AUTHENTIC VICTORIAN CROCHET INSTRUCTIONS!
Crochet instructions could readily be found by any Victorian woman. The following are excerpts from the popular Beeton's Book of Needlework, a book that many women of the era found extremely useful.
Cotton or thread, wool or silk, with a crochet-needle, are the materials required for working crochet. The needle, whether it be steel or bone, must be smoothly polished. The long wooden and bone crochet-needles are used for wool; for cotton and silk work short steel needles screwed into a bone handle are best. The beauty of the crochet-work depends upon the regularity of the stitches, as is the case with every other style of needlework. The stitches must be elastic, but if too loose they look as bad as if too tight. The size of the needle and that of the cotton or wool must correspond; work only with the point of the needle, and never move the stitch up and down the needle. The cotton with which you work must be of the very best quality; for borders, insertions, rosettes, imitation of guipure, use Evans's crochet cotton; for couvrettes, counterpanes, covers, &c., use knitting-cotton.
General Crochet Instructions All crochet-work patterns are begun on a foundation chain; there are three kinds of foundation chains - the plain foundation, the double foundation, and the purl foundation chain.
The Plain Foundation Chain consists of chain stitches.
Form a loop with the cotton or other material with which you work, take it on the needle, and hold the cotton as for knitting on the forefinger and other fingers of the left hand. The crochet-needle is held in the right hand between the thumb and forefinger, as you hold a pen in writing; hold the end of the cotton of the loop between the thumb and forefinger of the left hand, wind the cotton once round the needle by drawing the needle underneath the cotton from left to right, catch the cotton with the hook of the needle and draw it as a loop through the loop already on the needle, which is cast off the needle by this means and forms one chain stitch. The drawing the cotton through the loop is repeated until the foundation chain has acquired sufficient length. When enough chain stitches have been made, take the foundation chain between the thumb and forefinger of the left hand, so that these fingers are always close to and under the hook of the needle. Each stitch must be loose enough to let the hook of the needle pass easily through. All foundation chains are begun with a loop.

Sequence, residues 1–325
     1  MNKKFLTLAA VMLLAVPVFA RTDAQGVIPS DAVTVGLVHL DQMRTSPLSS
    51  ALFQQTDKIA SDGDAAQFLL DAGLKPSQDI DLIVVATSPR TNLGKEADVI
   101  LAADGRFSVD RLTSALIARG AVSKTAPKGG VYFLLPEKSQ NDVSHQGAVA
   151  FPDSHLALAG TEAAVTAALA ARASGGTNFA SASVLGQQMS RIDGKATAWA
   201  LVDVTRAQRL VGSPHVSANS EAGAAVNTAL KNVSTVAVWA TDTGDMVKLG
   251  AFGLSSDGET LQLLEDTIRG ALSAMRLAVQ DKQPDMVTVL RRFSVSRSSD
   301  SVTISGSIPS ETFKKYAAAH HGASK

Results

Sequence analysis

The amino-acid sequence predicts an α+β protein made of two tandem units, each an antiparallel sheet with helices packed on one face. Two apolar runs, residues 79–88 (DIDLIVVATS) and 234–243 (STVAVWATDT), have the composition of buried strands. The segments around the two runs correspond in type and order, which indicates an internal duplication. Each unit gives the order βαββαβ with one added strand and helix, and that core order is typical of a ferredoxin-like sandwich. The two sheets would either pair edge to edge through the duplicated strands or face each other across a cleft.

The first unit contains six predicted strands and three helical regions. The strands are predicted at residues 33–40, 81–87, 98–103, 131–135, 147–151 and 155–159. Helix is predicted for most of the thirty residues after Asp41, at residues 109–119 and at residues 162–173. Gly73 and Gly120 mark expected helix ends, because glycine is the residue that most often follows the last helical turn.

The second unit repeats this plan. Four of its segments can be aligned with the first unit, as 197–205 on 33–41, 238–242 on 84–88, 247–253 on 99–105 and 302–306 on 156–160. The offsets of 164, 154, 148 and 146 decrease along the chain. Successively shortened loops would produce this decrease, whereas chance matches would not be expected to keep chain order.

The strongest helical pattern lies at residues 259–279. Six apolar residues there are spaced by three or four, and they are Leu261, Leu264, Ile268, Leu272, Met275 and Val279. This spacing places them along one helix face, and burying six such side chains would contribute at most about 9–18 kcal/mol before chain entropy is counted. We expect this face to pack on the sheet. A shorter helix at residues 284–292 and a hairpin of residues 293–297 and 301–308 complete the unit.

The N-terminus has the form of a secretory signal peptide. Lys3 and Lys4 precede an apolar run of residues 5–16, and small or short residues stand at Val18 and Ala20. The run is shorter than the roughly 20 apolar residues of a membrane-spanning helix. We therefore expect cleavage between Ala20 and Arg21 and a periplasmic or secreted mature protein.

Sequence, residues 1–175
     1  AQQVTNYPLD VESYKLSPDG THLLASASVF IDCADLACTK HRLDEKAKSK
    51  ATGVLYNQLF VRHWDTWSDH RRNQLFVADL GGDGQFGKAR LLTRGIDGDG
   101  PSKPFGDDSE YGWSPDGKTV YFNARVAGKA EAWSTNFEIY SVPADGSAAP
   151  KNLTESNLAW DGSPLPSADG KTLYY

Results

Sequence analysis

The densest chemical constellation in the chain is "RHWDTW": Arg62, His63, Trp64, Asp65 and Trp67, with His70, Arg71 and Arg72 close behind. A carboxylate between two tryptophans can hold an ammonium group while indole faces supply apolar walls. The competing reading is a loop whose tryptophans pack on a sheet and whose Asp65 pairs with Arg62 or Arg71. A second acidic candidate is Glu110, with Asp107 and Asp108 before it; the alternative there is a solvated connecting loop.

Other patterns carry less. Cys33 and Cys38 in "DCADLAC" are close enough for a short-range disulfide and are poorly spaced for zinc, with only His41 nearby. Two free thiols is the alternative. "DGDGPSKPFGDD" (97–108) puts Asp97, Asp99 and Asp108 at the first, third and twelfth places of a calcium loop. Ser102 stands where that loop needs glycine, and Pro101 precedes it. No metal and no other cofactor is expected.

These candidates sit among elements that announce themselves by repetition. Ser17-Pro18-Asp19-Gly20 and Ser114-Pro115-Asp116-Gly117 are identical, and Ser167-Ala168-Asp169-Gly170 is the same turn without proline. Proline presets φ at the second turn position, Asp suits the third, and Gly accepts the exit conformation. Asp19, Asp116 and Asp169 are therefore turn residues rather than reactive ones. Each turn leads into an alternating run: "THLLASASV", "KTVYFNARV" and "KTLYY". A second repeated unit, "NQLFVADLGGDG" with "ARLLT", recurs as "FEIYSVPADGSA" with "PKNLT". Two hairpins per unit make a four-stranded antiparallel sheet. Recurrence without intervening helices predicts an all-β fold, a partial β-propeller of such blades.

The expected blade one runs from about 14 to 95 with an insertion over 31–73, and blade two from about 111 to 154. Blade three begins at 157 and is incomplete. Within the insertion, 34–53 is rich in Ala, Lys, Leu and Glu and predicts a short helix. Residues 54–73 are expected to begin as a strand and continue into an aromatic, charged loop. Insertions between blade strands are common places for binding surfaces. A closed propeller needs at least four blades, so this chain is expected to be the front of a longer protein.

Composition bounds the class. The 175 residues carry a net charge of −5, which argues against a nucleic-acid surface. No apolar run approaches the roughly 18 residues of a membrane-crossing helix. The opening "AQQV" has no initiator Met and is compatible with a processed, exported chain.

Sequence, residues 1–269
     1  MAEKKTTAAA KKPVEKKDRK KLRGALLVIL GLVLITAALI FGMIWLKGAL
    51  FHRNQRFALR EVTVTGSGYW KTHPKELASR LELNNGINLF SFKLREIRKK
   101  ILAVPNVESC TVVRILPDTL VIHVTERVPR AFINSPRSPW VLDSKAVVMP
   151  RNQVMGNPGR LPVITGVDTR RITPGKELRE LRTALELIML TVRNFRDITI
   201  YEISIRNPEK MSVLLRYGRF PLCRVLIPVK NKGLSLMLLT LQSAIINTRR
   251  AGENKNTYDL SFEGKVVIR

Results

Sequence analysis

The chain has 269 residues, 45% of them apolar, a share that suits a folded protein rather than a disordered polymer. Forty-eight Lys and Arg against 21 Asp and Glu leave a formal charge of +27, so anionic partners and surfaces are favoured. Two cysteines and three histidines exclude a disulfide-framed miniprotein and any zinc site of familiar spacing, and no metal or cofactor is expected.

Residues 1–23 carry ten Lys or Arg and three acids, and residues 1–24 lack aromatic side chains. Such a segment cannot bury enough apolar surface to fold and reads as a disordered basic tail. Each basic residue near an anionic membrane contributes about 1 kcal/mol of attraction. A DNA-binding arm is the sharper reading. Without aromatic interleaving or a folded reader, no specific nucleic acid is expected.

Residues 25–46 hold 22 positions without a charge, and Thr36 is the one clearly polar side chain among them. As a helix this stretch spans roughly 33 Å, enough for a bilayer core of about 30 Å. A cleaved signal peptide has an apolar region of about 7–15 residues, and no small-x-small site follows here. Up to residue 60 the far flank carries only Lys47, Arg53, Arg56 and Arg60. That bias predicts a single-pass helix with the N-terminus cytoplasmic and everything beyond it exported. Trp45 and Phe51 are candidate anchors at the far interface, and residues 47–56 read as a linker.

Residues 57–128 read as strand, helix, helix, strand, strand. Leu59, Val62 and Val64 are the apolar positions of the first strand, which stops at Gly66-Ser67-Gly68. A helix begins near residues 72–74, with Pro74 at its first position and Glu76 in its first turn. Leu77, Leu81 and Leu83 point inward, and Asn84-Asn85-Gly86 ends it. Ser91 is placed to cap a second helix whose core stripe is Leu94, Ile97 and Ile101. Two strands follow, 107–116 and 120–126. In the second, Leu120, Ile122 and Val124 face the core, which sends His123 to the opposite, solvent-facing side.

The Double Foundation Chain. - Crochet 2 chain stitches, insert the needle downwards into the left side of the 1st chain stitch, throw the cotton forward, draw it out as a loop, wind the cotton again round the needle and draw it through the two loops on the needle, * draw the cotton as a loop through the left side of the last stitch (see illustration), wind the cotton round the needle, and draw it through both loops on the needle. Repeat from * till the foundation chain is long enough.
Purl Foundation Chain. - * Crochet 4 chain stitch, then 1 treble stitch - that is, wind the cotton round the needle, insert the needle downwards into the left side of the 1st of the 4 chain stitches, wind the cotton round the needle, draw it through the stitch, wind the cotton again round the needle, and at the same time draw the cotton through the last loop and through the stitch formed by winding the cotton round the needle. Wind the cotton once more round the needle, and draw it through the 2 remaining loops on the needle. The 4 chain stitches form a kind of scallop or purl. Repeat from *. The following crochet stitches require foundation chains; they are all worked in separate rows. Make a loop at the beginning of every row, as has been described, and take it on the needle.
Slip Stitch. - Draw the needle through the back part of a foundation chain stitch, or in the course of the work through the back part of a stitch of the preceding row, wind the cotton round the needle, and draw it through the stitch and loop on the needle. The illustration shows a number of slip stitches, the last of which is left quite loose; the arrow marks the place where the needle is to be inserted for the next stitch.
Double Stitch. - These are worked nearly like the preceding ones. Draw the cotton as a loop through the back part of a stitch, wind the cotton round the needle, and draw it through the two loops on the needle.
Treble Stitch. - These stitches are worked as has been described for the purl foundation chain. The treble stitches are worked on a foundation chain or in the stitches of the preceding row.
Victorian women found crochet instructions in books on homemaking as well as many of the magazines and newspapers of the times. In these same magazines were ads for crochet needles. These could be simple such as a pointed rod made of steel or elaborately designed with ivory and silver. As crocheting was the perfect way for a lady to show off her delicate hands, many crochet needles were purchased for looks rather than utility.
The beauty of crochet instructions is that it did not require fancy needles or expensive cotton thereby allowing ladies of all social standing to beautify their homes with ease and frugality.
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